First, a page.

- substantial, substantiveSubstantial is pronounced with the stress on the second syllable and substantive with the stress on the first syllable or occasionally the second. Both words mean ‘having substance’, but substantial is the word in general use to denote people or things of size, importance, or value
• (Scotland Yard said a ‘substantial amount of firearms and explosives’ had been recovered from the house —East Anglian Daily Times, 1993)whereas substantive refers more to what something consists of
• (This finding moves beyond rhetoric and provides substantive evidence that fathers have an important and measurable impact on the well-being of their adolescent children —Fathering, AmE 2003).Substantial discussions are lengthy and wide-ranging ones, whereas substantive discussions deal with important topics. Substantive often occurs in technical contexts such as law and parliamentary procedure; for example, a substantive motion is one that deals specifically with a subject in due form.
Modern English usage. 2014.
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substantive — sub·stan·tive / səb stən tiv/ adj 1: of or relating to a matter of substance as opposed to form or procedure a substantive issue the substantive instructions to the jury was dismissed on procedural and substantive grounds compare procedural … Law dictionary
Substantive — Sub stan*tive, a. [L. substantivus: cf. F. substantif.] 1. Betokening or expressing existence; as, the substantive verb, that is, the verb to be. [1913 Webster] 2. Depending on itself; independent. [1913 Webster] He considered how sufficient and… … The Collaborative International Dictionary of English
Substantive — may refer to:In grammar: * a noun substantive, now also called simply noun * a verb substantive, a verb like English be when expressing existence (in contrast to use as a copula)In law: * a matter of substance as opposed to a matter of procedure… … Wikipedia
substantive — [sub′stən tiv, səb stan′tiv] adj. [LME < LL substantivus < L substantia: see SUBSTANCE] 1. existing independently; not dependent upon or subordinate to another 2. of considerable amount or quantity; substantial 3. having a real existence;… … English World dictionary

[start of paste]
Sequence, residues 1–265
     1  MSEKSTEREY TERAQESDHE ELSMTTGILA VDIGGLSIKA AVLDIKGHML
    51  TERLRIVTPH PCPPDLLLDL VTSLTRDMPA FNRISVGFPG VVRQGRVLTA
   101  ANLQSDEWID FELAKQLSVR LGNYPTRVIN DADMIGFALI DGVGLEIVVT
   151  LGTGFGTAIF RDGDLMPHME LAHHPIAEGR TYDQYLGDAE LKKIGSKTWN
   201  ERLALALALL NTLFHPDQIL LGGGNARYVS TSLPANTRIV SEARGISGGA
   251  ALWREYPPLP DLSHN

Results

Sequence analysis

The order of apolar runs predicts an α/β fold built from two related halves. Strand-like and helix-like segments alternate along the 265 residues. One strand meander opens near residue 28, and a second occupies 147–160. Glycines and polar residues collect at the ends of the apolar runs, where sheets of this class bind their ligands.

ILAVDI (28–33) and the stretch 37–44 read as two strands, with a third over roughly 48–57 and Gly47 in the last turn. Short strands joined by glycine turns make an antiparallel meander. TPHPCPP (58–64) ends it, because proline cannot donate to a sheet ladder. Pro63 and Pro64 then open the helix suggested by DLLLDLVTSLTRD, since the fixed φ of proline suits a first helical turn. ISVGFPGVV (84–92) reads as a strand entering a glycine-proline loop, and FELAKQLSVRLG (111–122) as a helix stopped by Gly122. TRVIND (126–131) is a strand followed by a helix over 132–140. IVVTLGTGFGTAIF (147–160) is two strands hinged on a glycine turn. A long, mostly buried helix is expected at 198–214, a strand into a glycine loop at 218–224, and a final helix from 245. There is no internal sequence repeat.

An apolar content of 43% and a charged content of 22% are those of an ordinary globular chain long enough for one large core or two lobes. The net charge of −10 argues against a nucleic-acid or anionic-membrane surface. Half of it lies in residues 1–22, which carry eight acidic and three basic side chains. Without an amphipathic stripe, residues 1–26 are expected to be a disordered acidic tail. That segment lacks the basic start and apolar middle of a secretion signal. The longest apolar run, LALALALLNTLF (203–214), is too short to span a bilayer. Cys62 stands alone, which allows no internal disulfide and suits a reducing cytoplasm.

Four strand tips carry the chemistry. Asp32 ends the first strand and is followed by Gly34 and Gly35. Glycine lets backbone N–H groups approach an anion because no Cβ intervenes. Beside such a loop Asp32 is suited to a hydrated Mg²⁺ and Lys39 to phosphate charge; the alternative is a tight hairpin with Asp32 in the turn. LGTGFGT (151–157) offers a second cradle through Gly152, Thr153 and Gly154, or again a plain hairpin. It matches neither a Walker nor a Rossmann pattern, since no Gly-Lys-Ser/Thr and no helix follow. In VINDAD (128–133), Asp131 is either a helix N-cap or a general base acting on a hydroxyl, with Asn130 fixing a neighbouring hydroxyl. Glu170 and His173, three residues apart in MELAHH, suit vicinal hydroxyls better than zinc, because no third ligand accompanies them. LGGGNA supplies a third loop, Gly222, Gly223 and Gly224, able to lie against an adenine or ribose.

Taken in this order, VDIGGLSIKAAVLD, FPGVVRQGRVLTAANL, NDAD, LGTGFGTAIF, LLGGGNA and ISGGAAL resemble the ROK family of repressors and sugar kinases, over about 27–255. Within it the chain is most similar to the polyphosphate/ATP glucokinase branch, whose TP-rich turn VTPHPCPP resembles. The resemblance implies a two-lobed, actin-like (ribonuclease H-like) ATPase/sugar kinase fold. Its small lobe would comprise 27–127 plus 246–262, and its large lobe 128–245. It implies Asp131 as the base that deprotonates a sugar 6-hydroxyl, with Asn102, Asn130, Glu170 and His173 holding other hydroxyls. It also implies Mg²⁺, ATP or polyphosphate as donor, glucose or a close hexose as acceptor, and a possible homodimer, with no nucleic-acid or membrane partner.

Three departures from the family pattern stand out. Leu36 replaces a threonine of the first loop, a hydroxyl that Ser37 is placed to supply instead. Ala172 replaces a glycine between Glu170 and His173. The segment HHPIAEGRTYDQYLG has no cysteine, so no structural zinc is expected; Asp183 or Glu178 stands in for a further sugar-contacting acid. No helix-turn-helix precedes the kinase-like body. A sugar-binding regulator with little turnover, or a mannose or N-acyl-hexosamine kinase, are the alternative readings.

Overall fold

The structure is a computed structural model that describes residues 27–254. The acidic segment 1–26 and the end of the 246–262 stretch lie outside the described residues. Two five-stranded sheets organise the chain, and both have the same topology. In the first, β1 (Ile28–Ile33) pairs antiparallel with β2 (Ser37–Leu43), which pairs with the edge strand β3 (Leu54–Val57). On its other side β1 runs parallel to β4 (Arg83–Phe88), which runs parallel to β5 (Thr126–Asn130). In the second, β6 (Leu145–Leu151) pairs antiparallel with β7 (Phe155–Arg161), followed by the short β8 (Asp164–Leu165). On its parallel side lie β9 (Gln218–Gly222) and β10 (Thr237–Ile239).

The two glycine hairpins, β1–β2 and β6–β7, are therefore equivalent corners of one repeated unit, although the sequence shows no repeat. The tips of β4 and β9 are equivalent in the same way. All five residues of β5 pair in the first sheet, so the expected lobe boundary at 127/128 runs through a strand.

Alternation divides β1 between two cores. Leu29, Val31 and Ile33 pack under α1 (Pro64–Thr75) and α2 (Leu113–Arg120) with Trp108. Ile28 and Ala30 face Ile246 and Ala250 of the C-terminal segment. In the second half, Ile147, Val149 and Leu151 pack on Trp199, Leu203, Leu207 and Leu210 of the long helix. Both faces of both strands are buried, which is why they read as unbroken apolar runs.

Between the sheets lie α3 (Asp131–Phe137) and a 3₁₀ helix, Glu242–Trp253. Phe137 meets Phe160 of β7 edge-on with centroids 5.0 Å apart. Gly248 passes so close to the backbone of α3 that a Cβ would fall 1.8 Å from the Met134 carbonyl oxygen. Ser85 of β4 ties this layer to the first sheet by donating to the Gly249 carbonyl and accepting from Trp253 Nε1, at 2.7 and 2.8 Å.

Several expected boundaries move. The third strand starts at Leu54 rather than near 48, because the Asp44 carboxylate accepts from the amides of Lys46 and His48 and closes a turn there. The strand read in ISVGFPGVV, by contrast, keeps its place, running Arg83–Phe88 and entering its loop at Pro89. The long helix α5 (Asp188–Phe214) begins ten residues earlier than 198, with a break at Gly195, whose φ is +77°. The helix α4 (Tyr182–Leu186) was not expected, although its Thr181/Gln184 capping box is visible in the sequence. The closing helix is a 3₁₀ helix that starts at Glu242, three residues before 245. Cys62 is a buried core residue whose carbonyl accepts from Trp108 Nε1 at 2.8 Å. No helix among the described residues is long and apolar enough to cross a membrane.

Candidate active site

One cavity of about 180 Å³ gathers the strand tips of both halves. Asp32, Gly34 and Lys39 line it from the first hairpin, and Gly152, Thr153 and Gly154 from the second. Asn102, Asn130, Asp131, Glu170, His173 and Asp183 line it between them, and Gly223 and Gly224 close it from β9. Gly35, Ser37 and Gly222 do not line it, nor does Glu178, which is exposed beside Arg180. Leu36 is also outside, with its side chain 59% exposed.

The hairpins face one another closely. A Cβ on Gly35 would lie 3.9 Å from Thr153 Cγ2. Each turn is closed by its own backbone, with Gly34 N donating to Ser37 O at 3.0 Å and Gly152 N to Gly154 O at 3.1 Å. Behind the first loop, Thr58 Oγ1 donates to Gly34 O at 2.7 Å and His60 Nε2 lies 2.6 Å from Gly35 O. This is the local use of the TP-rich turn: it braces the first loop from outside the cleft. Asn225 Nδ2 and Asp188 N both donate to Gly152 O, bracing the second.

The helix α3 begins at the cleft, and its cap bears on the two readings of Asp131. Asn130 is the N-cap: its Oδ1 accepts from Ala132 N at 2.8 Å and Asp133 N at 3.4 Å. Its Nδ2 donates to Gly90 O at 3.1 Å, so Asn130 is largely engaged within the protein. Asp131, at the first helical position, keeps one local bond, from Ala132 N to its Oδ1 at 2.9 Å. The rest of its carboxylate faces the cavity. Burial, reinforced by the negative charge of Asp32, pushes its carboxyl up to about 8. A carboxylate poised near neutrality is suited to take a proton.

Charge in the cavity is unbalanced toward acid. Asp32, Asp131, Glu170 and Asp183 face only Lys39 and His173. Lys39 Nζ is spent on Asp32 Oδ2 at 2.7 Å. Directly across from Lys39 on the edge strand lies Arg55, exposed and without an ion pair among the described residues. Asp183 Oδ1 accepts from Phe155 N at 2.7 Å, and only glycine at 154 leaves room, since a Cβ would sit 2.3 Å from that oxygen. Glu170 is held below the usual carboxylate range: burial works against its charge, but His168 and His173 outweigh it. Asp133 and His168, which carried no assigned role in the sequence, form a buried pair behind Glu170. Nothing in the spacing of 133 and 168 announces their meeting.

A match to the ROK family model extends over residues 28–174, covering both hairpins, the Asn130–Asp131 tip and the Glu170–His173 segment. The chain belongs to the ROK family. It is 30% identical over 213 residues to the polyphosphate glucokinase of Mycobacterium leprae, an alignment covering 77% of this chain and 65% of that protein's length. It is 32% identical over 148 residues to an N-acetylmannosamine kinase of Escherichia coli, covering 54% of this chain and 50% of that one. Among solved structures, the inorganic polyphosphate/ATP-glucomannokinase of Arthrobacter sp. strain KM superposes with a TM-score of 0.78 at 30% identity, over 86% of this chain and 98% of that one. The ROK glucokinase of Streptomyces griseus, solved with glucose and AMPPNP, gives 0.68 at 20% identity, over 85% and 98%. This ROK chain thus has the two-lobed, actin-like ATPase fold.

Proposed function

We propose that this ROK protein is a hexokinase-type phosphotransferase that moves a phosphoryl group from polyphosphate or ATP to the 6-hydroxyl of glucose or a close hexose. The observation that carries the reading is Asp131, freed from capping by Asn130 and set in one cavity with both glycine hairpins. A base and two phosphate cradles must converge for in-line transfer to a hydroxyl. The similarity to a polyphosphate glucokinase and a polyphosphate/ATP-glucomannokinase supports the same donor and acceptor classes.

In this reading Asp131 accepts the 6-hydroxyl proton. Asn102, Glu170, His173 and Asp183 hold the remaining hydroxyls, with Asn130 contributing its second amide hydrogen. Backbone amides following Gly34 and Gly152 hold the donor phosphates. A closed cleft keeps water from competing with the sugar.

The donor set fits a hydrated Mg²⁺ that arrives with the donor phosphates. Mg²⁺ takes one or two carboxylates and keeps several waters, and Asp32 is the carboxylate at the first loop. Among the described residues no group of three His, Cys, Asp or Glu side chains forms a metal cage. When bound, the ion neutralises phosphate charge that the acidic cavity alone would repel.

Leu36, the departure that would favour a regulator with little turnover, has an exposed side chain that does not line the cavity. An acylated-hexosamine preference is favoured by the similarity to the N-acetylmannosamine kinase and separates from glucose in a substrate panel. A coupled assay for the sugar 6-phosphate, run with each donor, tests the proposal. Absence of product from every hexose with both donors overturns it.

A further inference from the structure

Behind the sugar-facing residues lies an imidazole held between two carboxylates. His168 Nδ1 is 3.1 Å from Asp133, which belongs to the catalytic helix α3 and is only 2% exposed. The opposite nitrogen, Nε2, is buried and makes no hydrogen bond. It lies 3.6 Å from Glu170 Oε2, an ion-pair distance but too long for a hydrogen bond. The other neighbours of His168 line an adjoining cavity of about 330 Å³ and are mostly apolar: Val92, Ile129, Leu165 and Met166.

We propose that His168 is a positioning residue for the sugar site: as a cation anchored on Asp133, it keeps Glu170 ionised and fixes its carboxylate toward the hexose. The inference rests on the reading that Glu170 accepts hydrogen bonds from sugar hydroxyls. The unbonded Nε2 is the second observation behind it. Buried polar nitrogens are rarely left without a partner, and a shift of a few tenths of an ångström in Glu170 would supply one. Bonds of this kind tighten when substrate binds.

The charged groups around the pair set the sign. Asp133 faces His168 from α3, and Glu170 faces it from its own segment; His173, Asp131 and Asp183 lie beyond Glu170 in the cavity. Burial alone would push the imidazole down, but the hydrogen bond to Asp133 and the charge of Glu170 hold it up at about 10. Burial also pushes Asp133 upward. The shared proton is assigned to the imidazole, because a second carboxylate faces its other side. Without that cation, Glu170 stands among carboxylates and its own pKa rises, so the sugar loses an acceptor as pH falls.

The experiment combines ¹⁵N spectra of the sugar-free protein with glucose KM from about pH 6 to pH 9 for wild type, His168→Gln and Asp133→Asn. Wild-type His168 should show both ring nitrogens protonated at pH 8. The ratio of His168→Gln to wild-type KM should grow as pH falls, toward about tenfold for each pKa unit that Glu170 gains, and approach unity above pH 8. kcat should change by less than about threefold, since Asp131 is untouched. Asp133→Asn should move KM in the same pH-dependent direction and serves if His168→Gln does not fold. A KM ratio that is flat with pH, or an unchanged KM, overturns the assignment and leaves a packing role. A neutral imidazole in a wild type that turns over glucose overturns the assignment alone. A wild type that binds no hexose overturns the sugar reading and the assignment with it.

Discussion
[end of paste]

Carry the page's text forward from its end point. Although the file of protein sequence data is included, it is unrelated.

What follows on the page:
Substantive — Sub stan*tive, n. [Cf. F. substantif.] (Gram.) A noun or name; the part of speech which designates something that exists, or some object of thought, either material or immaterial; as, the words man, horse, city, goodness, excellence, are… … The Collaborative International Dictionary of English
Substantive — Sub stan*tive, v. t. To substantivize. [R.] Cudworth. [1913 Webster] … The Collaborative International Dictionary of English
substantive — (adj.) late 15c., standing by itself, from O.Fr. substantif, from L.L. substantivum, neut. of L. substantivus of substance or being, from substantia (see SUBSTANCE (Cf. substance)). The grammatical term (late 14c.) was introduced by the French to … Etymology dictionary
substantive — ► ADJECTIVE 1) having a firm basis in reality and so important or meaningful. 2) having a separate and independent existence. 3) (of law) defining rights and duties as opposed to giving the rules by which such things are established. ► NOUN… … English terms dictionary
substantive — I. noun Etymology: Middle English substantif, from Anglo French sustentif, from sustentif, adjective, having or expressing substance, from Late Latin substantivus, from Latin substantia Date: 14th century noun; broadly a word or word group… … New Collegiate Dictionary
substantive — I UK [səbˈstæntɪv] / US [ˈsʌbstəntɪv] adjective formal * 1) important or serious, or referring to the most important or serious issues The family appeared at the press conference but made no substantive comments. 2) large in amount, degree, or… … English dictionary